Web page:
Defendant also argues that County Court erred in denying his challenge for cause to prospective juror No. 16, who indicated that it would be “very hard” for her to hear that an animal had been harmed.  We agree.  Either party may make a challenge for cause to a prospective juror where “[h]e [or she] has a state of mind that is likely to preclude him [or her] from rendering an impartial verdict based upon the evidence adduced at the trial” (CPL 270.20[1][b] ).  “If a prospective juror makes statements that raise a serious doubt regarding his or her ability to be impartial, the trial court should conduct a follow-up inquiry regarding the pre-existing opinion and must excuse the juror unless he or she states unequivocally on the record that he or she can be fair and impartial” (People v. Jackson, 176 AD3d 1312, 1314 [2019] [citations omitted];  accord People v. Dirschberger, 185 AD3d 1224, 1226 [2020] ).  “If there is any doubt about a prospective juror's impartiality, trial courts should err on the side of excusing the juror, since at worst the court will have ‘replaced one impartial juror with another’ ” (People v. Arnold, 96 N.Y.2d 358, 362 [2001], quoting People v. Culhane, 33 N.Y.2d 90, 108 n 3 [1973] ).

During jury selection, prospective juror No. 16 indicated that she cares a lot about animals and is involved in animal advocacy organizations.  Subsequently, when asked whether the facts of this case would present an issue with any prospective jurors, prospective juror No. 16 stated that “[e]motionally it would be very difficult for [her] to hear about anything happening to an animal that got harmed in any way.”  When asked if this would impact her ability to “be fair and impartial,” prospective juror No. 16 stated that “[she thought] if [she] heard about an animal being hurt, [she] would cry” and that “[i]t would be very hard for [her].”  In contrast, when asked if incidents of stalking in her past would impact her ability to be impartial, prospective juror No. 16 stated that it would not be and that she “could be impartial.”  When subsequently asked, by defendant's trial counsel, if “this particular case would probably not be the type of case that you'd want to sit on if there's allegations of animal cruelty,” prospective juror No. 16 stated that it “would be extremely difficult for [her] to hear about an animal being hurt.”  In response, defendant's trial counsel asked if prospective juror No. 16 “would have difficulty in being fair and impartial in this case” and she responded, “I would become emotional if I heard about it.”  Defendant's trial counsel then asked if that “would probably effect [her],” to which she responded “[y]es.”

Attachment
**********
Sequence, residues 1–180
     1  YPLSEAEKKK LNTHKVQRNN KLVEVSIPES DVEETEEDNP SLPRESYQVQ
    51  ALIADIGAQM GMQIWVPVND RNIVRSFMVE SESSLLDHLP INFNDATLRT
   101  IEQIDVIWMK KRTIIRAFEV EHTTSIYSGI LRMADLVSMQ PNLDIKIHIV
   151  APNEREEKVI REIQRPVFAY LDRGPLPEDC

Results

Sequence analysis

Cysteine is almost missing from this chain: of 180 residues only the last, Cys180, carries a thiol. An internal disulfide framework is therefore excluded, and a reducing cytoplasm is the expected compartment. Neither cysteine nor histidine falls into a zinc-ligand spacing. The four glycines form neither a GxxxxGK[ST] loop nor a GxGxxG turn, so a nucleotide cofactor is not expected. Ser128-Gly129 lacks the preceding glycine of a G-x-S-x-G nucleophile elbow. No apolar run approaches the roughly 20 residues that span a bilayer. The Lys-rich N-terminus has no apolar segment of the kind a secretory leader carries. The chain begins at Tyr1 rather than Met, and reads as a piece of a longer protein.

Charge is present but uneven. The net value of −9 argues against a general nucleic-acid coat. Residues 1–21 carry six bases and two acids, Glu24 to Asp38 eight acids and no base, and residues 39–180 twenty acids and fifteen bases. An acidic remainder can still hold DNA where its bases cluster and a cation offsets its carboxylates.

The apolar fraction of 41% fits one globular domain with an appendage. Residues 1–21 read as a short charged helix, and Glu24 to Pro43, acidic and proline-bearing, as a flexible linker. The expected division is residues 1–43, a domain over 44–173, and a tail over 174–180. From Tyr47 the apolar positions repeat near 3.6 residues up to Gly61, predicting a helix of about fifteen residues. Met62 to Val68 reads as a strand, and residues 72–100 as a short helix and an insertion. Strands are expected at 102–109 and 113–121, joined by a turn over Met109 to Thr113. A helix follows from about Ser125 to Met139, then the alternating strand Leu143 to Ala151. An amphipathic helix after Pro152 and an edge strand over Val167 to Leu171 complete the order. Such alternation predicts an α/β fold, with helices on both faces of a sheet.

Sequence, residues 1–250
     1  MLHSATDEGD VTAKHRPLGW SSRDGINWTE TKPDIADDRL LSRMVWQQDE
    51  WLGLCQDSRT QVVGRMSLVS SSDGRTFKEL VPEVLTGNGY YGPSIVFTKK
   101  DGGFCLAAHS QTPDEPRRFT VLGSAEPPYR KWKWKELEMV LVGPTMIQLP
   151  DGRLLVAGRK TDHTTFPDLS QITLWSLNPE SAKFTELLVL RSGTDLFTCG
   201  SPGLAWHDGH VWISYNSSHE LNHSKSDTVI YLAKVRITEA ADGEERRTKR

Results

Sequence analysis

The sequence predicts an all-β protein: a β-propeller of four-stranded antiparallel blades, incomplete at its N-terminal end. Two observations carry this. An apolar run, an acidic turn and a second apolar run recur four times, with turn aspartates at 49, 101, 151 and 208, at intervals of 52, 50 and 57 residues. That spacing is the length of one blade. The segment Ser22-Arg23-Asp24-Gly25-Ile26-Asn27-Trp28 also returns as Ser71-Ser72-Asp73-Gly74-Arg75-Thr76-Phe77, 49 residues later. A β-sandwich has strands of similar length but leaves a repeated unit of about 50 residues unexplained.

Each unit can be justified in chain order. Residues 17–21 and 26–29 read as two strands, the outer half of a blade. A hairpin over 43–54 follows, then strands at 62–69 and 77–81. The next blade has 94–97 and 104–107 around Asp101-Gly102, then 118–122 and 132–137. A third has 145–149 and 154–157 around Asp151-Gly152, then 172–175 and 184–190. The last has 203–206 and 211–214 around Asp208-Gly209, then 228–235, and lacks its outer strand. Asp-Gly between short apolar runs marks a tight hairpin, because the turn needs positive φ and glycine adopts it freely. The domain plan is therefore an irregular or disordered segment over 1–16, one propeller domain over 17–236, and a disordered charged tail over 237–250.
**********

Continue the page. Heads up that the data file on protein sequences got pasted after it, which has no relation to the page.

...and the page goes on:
Defendant challenged this prospective juror for cause on the ground that “because of the animals, she couldn't be fair and impartial.”  County Court denied this challenge noting that prospective juror No. 16 had indicated that “it would be very difficult” and that “she would cry,” not that she had stated she could not be impartial.  Defendant then exercised a peremptory challenge to remove prospective juror No. 16, and later exhausted his peremptory challenges.  Relative to the ability of prospective juror No. 16 to be fair and impartial due to her affinity for animals, despite being asked twice, she never unequivocally stated that she could be (see People v. Harris, 19 NY3d 679, 685 [2012];  People v. Jackson, 176 AD3d at 1315).  Thus, the court should have posed questions to rehabilitate the prospective juror “by obtaining such assurances or, if rehabilitation was not possible,” excuse her (People v. Jackson, 176 AD3d at 1315;  see People v. Harris, 19 NY3d at 685).  By failing to do so, the court committed reversible error, considering that defendant exercised a peremptory challenge to remove this prospective juror and exhausted such challenges (see CPL 270.20[2];  People v. Wright, 30 NY3d 933, 934 [2017] ).  In light of this determination, defendant's remaining contentions are rendered academic.

Egan Jr., J.P., Clark, Aarons and Colangelo, JJ., concur.

ORDERED that the judgment is reversed, on the law, and matter remitted to the County Court of Albany County for further proceedings not inconsistent with this Court's decision.

FOOTNOTES

1.   This statement is later contradicted by a statement that trial counsel had not received any compensation other than the initial fee paid.  Throughout this paragraph, trial counsel also refers to “Ms. Smith” rather than defendant and asserts that “Ms. Smith” is innocent of the charges.

Pritzker, J.